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Open AccessArticle

Selenium Content in Seafood in Japan

National Research Institute of Fisheries Science, Kanazawa, Yokohama, Kanagawa, 236-8648, Japan
Author to whom correspondence should be addressed.
Nutrients 2013, 5(2), 388-395;
Received: 5 January 2013 / Revised: 24 January 2013 / Accepted: 25 January 2013 / Published: 31 January 2013
PDF [361 KB, uploaded 31 January 2013]


Selenium is an essential micronutrient for humans, and seafood is one of the major selenium sources, as well as red meat, grains, eggs, chicken, liver and garlic. A substantial proportion of the total amount of selenium is present as selenium containing imidazole compound, selenoneine, in the muscles of ocean fish. In order to characterize the selenium content in seafood, the total selenium levels were measured in the edible portions of commercially important fish and shellfish species. Among the tested edible portions, alfonsino muscle had the highest selenium levels (concentration of 1.27 mg/kg tissue). High levels of selenium (1.20–1.07 mg/kg) were also found in the salted ovary products of mullet and Pacific herring. In other fish muscles, the selenium levels ranged between 0.12 and 0.77 mg/kg tissue. The selenium levels were closely correlated with the mercury levels in the white and red muscles in alfonsino. The selenium content in spleen, blood, hepatopancreas, heart, red muscle, white muscle, brain, ovary and testis ranged between 1.10 and 24.8 mg/kg tissue in alfonsino. View Full-Text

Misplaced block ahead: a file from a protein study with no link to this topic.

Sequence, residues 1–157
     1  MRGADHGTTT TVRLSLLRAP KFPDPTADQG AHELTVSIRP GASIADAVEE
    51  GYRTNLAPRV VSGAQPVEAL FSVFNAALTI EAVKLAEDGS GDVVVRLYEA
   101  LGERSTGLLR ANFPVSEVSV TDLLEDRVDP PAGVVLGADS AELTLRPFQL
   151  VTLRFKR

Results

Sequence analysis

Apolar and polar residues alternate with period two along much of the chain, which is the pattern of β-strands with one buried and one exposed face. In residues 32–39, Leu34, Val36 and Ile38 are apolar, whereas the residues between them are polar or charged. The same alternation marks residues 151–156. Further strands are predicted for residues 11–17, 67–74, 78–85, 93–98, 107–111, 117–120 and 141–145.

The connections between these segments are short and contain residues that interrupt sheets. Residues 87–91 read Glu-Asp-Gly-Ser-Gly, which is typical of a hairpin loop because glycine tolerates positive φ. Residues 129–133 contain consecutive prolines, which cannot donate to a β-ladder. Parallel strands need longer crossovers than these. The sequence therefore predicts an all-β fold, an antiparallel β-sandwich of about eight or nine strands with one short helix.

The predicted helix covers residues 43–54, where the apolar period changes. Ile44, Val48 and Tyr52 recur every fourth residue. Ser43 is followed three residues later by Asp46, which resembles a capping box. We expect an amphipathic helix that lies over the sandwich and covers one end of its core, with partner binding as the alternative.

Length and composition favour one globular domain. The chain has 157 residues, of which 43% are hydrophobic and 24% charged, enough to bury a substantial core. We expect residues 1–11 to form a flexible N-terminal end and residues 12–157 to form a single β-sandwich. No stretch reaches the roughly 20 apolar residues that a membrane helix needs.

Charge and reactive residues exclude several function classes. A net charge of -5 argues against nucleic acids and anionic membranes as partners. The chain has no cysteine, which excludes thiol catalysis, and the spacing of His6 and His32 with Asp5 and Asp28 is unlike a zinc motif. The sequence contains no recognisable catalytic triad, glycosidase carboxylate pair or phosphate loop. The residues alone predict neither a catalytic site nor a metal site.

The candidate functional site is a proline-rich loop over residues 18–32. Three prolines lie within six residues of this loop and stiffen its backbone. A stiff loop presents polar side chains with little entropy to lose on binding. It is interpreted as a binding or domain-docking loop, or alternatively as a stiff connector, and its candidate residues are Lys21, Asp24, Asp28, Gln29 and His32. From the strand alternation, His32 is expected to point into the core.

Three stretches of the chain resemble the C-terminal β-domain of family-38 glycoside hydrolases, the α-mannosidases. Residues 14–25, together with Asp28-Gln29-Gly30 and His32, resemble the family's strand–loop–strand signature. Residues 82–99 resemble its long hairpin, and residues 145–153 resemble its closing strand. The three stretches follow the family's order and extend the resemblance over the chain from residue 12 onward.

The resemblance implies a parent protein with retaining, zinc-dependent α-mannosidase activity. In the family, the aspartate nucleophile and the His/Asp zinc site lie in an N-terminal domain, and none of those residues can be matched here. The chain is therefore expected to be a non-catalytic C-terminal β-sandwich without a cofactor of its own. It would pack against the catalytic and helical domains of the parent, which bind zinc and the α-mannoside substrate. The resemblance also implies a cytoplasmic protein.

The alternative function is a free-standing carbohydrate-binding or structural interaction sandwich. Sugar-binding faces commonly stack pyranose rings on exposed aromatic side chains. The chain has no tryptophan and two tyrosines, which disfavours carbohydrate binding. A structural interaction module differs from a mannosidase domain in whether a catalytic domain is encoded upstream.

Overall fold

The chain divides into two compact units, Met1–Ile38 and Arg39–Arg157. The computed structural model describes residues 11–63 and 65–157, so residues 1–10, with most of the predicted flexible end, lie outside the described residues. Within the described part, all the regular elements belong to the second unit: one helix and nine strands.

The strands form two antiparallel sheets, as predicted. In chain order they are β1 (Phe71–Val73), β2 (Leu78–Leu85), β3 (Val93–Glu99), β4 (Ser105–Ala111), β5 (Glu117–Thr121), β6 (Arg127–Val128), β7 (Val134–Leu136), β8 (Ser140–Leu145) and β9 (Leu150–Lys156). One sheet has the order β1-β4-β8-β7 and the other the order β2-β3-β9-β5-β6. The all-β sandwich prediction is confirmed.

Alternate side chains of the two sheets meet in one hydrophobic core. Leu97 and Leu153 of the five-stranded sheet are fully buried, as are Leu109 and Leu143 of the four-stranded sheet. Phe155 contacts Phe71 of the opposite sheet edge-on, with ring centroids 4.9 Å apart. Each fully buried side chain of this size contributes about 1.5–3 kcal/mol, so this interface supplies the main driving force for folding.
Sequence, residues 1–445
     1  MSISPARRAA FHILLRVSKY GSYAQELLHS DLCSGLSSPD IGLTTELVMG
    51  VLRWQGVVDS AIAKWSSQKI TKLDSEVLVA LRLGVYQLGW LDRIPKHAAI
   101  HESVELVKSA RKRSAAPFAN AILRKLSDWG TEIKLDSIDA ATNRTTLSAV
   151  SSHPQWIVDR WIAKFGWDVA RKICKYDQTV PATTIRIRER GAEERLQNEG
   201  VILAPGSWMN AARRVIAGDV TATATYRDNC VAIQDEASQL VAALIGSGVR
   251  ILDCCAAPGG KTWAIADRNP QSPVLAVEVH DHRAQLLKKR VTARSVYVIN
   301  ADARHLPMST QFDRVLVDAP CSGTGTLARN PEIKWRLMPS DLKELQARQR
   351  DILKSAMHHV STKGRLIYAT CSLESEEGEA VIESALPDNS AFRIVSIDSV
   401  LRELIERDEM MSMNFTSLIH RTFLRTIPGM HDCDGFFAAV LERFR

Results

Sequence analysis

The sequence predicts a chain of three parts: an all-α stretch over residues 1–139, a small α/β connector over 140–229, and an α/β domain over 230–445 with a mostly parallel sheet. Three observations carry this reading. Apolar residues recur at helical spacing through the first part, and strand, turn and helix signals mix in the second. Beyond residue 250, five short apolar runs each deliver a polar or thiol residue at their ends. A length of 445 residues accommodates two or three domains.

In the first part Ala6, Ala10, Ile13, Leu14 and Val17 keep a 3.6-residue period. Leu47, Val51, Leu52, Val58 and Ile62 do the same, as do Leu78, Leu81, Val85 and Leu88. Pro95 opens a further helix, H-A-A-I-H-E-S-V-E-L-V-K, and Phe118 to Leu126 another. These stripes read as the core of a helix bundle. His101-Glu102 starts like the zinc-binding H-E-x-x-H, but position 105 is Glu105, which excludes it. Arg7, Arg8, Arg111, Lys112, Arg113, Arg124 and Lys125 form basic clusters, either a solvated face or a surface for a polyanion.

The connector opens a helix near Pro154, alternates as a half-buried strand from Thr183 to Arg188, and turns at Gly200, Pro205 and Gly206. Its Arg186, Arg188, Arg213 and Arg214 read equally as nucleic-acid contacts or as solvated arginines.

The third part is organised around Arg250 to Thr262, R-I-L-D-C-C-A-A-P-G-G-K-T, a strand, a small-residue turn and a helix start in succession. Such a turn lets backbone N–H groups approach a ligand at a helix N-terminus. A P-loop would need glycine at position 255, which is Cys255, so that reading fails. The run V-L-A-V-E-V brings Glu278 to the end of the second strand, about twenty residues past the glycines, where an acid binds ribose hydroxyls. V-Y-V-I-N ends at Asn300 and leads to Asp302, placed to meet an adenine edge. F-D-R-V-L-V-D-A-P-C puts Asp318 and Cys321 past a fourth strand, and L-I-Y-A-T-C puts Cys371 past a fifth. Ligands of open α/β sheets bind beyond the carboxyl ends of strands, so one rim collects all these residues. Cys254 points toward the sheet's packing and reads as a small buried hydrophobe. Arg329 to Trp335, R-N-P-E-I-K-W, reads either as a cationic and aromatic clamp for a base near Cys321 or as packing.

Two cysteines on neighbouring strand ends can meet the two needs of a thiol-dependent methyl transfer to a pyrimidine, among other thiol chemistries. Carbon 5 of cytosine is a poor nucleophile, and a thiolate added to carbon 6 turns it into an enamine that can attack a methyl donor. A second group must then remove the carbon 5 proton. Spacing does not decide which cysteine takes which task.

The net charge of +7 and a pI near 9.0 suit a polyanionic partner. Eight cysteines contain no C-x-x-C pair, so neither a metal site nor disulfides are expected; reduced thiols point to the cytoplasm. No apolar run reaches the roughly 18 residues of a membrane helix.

Keywords: selenium; mercury; food safety; muscle; fish; seafood selenium; mercury; food safety; muscle; fish; seafood

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Yamashita, Y.; Yamashita, M.; Iida, H. Selenium Content in Seafood in Japan. Nutrients 2013, 5, 388-395.

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